Tungnahryggsjökull (E) −13.2 −6.9 −3.4 −9.3
Average – −15.3 −5.2 −8.4 −10.4
Glacier snouts elevation (m a.s.l.)
Glaciers LIA 1946 1985 1994 2000 2005 LIA–2005
Gljúfurárjökull 512 558 594 591 593 622 110
Tungnahryggsjökull (W) 540 741 786 759 779 793 253
Tungnahryggsjökull (E) 597 679 718 705 711 114
Average 550 659 699 – 692 709 159
LIA: ‘Little Ice Age’.
Fernández-Fernández et al. 7
The Akureyri climatological log shows that increases in the
MAAT and Ts were 1.9°C and 1.5°C, respectively, between the
LIA and the present (Table 5). The average temperature calculated
from the reconstructed Öxnadalsheiði data series suggests that the
MAAT was below freezing level above 500 m a.s.l. in the interior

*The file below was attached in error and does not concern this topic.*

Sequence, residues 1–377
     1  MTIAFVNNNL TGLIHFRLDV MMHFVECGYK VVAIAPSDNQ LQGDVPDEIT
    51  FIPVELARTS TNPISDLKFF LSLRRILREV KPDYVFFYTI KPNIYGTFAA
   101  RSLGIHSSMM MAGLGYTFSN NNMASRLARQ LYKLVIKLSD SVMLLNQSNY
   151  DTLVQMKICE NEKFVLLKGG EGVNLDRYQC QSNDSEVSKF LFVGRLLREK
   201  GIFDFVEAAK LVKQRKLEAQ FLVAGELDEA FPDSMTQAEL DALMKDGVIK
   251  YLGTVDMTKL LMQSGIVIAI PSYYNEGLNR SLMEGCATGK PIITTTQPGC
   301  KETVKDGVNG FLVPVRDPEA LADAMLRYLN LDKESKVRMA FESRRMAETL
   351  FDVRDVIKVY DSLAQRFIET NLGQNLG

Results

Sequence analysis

of the Tröllaskagi peninsula during the late LIA cold period,
1966–1973 and 1979–1986.
As regards precipitation, the mean annual value for the 1950–
2014 period at Akureyri is 515 mm, while in the winter/accumula-
tion season (October–April) it is 357 mm, that is, 69% of the total.
Running mean analysis (Figure 6c) showed below average values
from the late 1950s to the late 1960s (ca. 250 mm minima) and
from the late 1970s to the early 1980s (ca. 200 mm minima in
1980). From the mid-1980s onwards, winter precipitation has
been above the average, reaching maxima in the early 1990s (ca.
430 mm). Since then, winter precipitation has been relatively
regular and close to average, although an increasing trend started
in the mid-2000s. Individual values peaked in 1989 and 2014, at
over 550 mm.
The temperatures (mean annual, May–September, June–July–
August) of the above logs, averaged for the phases identified, and